Ammonia-induced Structural Changes of the Oxygen-Evolving Complex in Photosystem II as Revealed by Light-Induced FTIR Difference Spectroscopy


Ya-Wen Feng#, Chiu-Ming Wang#, Shyue-Chu Ke and Hsiu-An Chu#

# Institute of Botany, Academia Sinica, Nan-Kang, Taipei 11529, Taiwan

Department of Physics, National Dong Hwa University, Hualien, 97401, Taiwan


The catalytic site of photosystem II (PSII) reaction centers contains a (Mn)4 cluster that interacts closely with a redox-active tyrosine residue known as YZ.  The (Mn)4 cluster accumulates oxidizing equivalents in response to photoinduced electron transfer reactions within PSII, then catalyzes the oxidation of two molecules of water, release one molecule of O2 as a by-product.  The progression of the oxygen-evolving complex (OEC) goes through a cycle of five intermediates states, labeled as the Sn state (n = 0-4), where n denotes the number of stored equivalents.  The detailed molecular structure and mechanism of OEC in PSII are still not clear.  NH3 is an analog of substrate H2O and also an inhibitor of water oxidation.  By combining FTIR difference techniques with isotopic labeling methods, we are studying the interaction of NH3 with the OEC.  We found that the S2 state carboxylate mode in the S2QA-/S1QA spectrum is affected upon the NH3 treatment but the corresponding S1 carboxylate mode at 1402 cm-1 is not affected.  Our results suggest that NH3 is not bound until the formation of the S2 state.  In addition, we found that CH3NH2 has a small but clear effect on the S2QA-/S1QA FTIR difference spectrum.  Our results showed that the effects of amines on the S2QA-/S1QA FTIR difference spectrum of PSII are sterically selective for small amines.  The correlations between NH3-modified FTIR spectra and the NH3-modified g=2 multiline EPR signal will be presented.




Fluoride substitution in the Mn cluster from photosystem II: FTIR studies

Cheng-Hao Fang#,‡, Keejong Chang and Hsiu-An Chu#

# Institute of Botany, Academia Sinica, Nan-Kang, Taipei, 11529, Taiwan

Department of Chemistry, Soochow University, Shih Lin, Taipei, Taiwan


Fluoride inhibits the activity of the oxygen-evolving complex (OEC) of photosystem II (PSII).  It has been suggested that fluoride compete the chloride binding site in PSII.  However, the exact roles of chloride and fluoride ions on the function of the PSII/OEC are still not clear.  Light-induced Fourier transform infrared difference spectroscopy has been applied to studies of fluoride effects on the PSII/OEC.  We found that fluoride induced characteristic spectral changes in the region of the amide I (1700-1600 cm-1) and the symmetric carboxylate stretching modes (1450-1300 cm-1) of the S2QA-/S1QA FTIR difference spectra of PSII.  The symmetric carboxylate stretching modes at ~1400 and 1365 cm-1 in the S2QA-/S1QA spectrum of the controlled samples were diminished in that of Fluoride-treated samples.  These two carboxylate modes have been assigned to a Mn-ligating carboxylate whose coordination mode changes from bridging or chelating to unidentae ligation during the S1 to S2 transition [Noguchi, T., Ono, T., and Inoue, Y. (1995) Biochim Biophys Acta 1228, 189-200; Kimura, Y. and Ono, T.-A. (2001) Biochemistry 40, 14061-14068].  Therefore, our results show that fluoride-induced significant structural changes of the OEC in both the S1 and S2 state.  In addition, our results also showed that chloride ions restore the fluoride-induced spectral changes of the S2QA-/S1QA spectrum of PSII.  Our results support that fluoride is competing with the chloride binding site in PS II.  The possible role of chloride in the oxygen-evolving mechanism of PS II will be discussed.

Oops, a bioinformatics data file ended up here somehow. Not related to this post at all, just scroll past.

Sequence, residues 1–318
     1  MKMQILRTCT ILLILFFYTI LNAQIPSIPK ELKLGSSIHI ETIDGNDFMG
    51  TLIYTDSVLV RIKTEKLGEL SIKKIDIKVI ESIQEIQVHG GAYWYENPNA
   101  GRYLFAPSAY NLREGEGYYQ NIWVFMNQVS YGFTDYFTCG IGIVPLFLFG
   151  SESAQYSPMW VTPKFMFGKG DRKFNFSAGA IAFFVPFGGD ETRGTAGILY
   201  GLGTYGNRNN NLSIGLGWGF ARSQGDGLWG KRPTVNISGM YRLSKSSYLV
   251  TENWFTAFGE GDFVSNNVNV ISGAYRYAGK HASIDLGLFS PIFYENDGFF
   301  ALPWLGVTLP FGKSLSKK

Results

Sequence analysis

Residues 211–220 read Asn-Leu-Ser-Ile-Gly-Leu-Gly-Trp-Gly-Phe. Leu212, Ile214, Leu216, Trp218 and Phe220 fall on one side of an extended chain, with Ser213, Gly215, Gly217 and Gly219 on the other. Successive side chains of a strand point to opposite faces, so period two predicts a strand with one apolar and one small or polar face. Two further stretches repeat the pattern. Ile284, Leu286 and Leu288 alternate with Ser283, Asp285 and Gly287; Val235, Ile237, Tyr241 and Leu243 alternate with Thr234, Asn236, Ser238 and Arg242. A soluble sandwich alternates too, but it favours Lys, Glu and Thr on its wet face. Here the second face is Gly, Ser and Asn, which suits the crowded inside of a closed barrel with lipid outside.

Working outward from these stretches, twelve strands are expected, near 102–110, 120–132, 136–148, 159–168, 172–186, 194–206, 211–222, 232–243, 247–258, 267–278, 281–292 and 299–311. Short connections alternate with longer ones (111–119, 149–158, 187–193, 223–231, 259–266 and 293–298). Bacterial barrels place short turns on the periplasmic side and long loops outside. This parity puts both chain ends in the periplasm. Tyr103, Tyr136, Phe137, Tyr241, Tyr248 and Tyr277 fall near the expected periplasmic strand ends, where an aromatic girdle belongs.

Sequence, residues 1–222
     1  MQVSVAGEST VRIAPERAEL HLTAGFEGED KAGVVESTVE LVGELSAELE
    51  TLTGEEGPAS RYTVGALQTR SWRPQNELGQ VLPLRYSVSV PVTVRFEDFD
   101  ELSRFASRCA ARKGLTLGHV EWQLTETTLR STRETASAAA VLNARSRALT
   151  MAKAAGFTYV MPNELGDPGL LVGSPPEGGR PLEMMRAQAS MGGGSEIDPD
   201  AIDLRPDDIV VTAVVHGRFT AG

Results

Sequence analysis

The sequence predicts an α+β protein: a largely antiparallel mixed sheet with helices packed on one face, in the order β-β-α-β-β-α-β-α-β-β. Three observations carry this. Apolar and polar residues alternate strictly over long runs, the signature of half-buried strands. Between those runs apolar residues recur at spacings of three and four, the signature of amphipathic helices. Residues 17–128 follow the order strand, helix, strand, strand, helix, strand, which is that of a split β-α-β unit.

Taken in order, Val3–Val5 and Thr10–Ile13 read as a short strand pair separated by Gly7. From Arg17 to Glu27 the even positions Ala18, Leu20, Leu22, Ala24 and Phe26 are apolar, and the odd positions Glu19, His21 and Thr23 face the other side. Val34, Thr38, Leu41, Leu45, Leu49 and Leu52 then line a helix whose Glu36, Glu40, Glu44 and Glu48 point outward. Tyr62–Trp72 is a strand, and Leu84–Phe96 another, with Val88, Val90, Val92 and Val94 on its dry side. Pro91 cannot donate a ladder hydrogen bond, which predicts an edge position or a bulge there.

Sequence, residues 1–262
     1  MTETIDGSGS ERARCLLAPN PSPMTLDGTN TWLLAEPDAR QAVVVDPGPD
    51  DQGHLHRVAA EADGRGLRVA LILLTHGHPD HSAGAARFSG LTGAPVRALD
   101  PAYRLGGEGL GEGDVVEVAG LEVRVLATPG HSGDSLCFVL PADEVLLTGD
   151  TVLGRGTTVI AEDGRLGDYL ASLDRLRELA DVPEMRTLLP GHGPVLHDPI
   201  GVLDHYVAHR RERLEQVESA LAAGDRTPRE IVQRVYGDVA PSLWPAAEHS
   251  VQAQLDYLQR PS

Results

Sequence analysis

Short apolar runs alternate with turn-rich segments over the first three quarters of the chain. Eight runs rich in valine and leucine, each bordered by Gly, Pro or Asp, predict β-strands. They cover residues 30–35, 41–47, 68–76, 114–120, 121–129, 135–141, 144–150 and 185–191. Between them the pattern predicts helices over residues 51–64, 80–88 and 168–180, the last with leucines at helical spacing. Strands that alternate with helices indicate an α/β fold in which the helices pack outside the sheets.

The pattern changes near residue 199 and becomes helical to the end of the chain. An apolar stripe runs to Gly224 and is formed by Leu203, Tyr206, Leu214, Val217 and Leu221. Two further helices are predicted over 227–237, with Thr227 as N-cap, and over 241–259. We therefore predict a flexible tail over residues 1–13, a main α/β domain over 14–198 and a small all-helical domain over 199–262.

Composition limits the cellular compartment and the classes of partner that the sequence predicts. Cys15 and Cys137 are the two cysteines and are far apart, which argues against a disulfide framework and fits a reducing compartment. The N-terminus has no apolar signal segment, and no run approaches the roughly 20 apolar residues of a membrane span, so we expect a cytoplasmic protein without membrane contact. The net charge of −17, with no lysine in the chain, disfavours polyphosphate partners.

Monitoring Transdermal delivery of quantum dots using multiphoton fluorescence microscopy

Wen Lo 1*, Tso Chien-Hsin 1, Pei-Yu Huang2, Chan-Long Chen2, Chia-Chun Chen2, Sun-Jan Lin3,

Shiou-Hwa Jee3, Chen-Yuan Dong 1

1Department of Physics, National Taiwan University, No.1 Roosevelt Road Sec. 4, Taipei, 106, Taiwan

2 Department of Chemistry, National Taiwan Normal University, No. 88, Sec. 4,

Ting-Chow Rd., Taipei, Taiwan, 116.

3 National Taiwan University Hospital, No.7, Chung San South Road, Taipei, 100, Taiwan and

National Taiwan University, College of Medicine., No.1, Ren-Ai Rd, 1st Section, Taipei, 100, Taiwan


 Luminescent quantum dots (QDs) are attractive fluorescent probes in bioimaging application. Broad excitation spectrum, narrow and tunable emission spectrum, high photochemical stability and chemical modifiability are among the desirable properties of QDs. In this work, we investigate the feasibility of administering QDs (7 nm in size) through transdermal delivery pathway using multiphoton fluorescence imaging. Our results show that QDs of this size range can be effectively delivered through intercellular pathways using the chemical enhancer oleic acid. This work has implications for understanding the transport of important biological macromolecules.

Our experiments infer two important results. First QDs can hardly transport into skin without the chemical enhancer oleic acid. Furthermore, QDs deliver primarily through intercellular pathways. In contrast, fluoresein molecules deliver through both intercellular and intracellular region.

Our results imply that the size of nanoparticles may dominate the nature of transdermal transport mechanism and in the future, we plan to investigate the mechanism by manipulating the size of nanoparticles and their surface chemistry.